jueves, 20 de diciembre de 2012


Common or Canary Islands Chiffchaff?

During a birding session at the saltpans in Fuencaliente, on the evening of December 19, I was surprised to spot the bird shown in the present post. The most ubiquitous and abundant passerine on La Palma is the endemic Canary Islands Chiffchaff (Phylloscopus canariensis). But what struck me about the individual shown here was its much greener, more contrasting plumage, its lack of buff tones on the flanks....and the fact that it was found at a location where I had never seen a single Chiffchaff previously, despite frequent visits to the site.

The bird was first observed foraging on the ground amid the sparse, coastal scrub on the inland side of the entrance path, and was shortly rediscovered on the stoney banks of the saltpans themselves, where all the pictures were taken. The only passerines which frequent this part of the island are the Atlantic Canary (Serinus canaria), Berthelot's Pipit (Anthus berthelotii), Sardinian Warbler (Sylvia melanocephala) and the scarcer Spectacled Warbler (Sylvia conspicillata). So here was a case of an unexpected species doing unexpected things in an unexpected area...

The photograph above enables the tertials and primaries to be appreciated: the length of the projection appears to correspond to a Chiffchaff. But are the greenish tones on the upperparts, and the patches of lemon-yellow on the flanks typical for a Canary Islands Chiffchaff?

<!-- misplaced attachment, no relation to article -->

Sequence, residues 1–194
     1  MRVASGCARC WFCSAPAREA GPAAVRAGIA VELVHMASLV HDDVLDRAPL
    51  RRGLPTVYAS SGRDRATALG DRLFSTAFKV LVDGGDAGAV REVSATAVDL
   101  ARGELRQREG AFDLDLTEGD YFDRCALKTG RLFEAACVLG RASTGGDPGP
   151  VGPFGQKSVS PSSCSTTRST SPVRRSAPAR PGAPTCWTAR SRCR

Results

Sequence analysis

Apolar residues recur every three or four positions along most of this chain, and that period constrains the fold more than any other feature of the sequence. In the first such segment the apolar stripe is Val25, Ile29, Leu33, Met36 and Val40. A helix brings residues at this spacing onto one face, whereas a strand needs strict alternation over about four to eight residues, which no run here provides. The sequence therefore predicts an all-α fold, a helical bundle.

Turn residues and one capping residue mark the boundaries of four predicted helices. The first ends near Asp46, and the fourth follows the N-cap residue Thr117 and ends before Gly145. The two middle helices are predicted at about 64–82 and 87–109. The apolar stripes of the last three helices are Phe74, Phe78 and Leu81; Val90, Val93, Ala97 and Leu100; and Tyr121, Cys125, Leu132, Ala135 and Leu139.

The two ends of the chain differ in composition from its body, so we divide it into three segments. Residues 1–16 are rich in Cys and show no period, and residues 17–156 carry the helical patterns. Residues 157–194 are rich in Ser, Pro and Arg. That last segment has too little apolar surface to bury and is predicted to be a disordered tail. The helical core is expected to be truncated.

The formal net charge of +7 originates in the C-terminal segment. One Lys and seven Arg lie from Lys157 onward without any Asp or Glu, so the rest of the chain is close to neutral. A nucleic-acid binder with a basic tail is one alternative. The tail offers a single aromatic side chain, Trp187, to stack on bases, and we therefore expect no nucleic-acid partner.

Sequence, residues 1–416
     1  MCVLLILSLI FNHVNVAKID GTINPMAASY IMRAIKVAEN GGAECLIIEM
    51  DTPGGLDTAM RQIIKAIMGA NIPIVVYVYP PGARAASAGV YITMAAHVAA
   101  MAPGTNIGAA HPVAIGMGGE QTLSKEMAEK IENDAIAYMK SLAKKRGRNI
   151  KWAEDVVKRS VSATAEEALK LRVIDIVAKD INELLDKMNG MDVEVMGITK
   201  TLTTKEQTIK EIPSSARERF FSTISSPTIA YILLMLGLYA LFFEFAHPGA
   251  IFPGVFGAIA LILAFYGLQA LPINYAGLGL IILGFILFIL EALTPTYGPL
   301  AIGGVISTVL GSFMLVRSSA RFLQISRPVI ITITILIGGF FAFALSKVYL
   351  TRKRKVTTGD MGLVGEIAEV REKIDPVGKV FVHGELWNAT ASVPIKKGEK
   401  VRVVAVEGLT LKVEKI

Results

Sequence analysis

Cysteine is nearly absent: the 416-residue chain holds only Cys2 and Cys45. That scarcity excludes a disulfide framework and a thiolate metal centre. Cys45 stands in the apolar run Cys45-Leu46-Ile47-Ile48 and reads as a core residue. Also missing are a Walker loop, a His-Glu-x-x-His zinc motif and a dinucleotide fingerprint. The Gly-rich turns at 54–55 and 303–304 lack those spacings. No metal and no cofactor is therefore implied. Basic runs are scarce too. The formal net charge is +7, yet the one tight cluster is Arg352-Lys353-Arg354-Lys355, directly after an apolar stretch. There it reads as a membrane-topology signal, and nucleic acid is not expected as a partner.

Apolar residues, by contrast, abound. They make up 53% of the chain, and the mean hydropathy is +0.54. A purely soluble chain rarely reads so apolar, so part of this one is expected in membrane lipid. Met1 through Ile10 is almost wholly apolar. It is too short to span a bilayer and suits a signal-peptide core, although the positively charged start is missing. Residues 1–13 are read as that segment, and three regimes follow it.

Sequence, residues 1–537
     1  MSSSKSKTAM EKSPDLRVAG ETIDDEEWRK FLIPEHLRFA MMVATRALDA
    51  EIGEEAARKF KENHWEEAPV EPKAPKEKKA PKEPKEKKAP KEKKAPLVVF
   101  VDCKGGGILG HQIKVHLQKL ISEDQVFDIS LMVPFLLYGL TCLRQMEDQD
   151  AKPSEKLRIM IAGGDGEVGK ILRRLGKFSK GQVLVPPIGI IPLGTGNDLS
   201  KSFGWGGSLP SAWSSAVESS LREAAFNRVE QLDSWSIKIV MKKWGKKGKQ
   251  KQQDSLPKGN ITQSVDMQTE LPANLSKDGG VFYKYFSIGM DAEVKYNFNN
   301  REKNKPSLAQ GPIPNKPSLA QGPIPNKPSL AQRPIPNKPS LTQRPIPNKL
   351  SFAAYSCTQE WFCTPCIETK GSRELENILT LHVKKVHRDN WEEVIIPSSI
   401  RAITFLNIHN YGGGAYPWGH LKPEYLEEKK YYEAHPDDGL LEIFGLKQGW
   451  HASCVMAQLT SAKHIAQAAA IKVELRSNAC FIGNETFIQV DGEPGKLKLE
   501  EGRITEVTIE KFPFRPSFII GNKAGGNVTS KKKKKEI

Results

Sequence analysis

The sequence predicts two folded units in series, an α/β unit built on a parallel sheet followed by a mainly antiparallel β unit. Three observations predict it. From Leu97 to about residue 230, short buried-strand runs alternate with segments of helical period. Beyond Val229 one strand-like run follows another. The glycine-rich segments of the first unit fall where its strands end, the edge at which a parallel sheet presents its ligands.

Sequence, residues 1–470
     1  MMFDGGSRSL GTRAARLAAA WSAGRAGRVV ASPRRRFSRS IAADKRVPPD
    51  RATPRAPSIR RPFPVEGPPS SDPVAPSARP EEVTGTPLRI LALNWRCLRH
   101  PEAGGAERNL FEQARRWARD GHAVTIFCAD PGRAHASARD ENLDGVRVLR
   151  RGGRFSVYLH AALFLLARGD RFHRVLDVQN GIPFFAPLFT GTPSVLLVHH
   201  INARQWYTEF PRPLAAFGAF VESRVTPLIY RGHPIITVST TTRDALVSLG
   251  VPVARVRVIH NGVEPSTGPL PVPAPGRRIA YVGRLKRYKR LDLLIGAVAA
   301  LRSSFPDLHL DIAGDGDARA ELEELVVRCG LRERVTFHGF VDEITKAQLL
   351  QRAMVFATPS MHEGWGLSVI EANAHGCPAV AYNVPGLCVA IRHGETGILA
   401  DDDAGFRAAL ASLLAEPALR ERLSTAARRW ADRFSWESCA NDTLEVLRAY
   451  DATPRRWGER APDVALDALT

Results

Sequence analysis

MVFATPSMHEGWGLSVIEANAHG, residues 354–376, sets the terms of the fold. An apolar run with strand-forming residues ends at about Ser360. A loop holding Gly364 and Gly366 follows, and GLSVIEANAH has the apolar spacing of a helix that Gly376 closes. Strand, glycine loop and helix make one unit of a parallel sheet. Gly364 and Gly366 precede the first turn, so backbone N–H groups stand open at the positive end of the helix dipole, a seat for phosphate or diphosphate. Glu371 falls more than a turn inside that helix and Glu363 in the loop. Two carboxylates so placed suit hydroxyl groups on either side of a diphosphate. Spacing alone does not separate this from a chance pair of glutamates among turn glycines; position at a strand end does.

I have been through all my fieldguides and checked photographs on the Internet. To add to the difficulty there is, of course, an Iberian Chiffchaff (Phylloscopus ibericus), and three subspecies of Common Chiffchaff have been recorded in Macaronesia, the nominate collybita (W and C Europe), abietinus (N and NE Europe) and tristis (Siberia).

If bill-length is diagnostic, when seen from the above angle, this specimen appears to conform to the proportions for the Common, rather than the Canary Islands Chiffchaff. Unfortunately, the bird emitted no calls or song to aid identification.

The last photo (above) shows the lemon-yellow tones around the vent and underparts of the tail.

Any comments regarding the identity of this specimen would be much appreciated. In the meantime, I plan to consult the ringers and other experienced passerine observers at rarebirdspain, and will post their verdict shortly.

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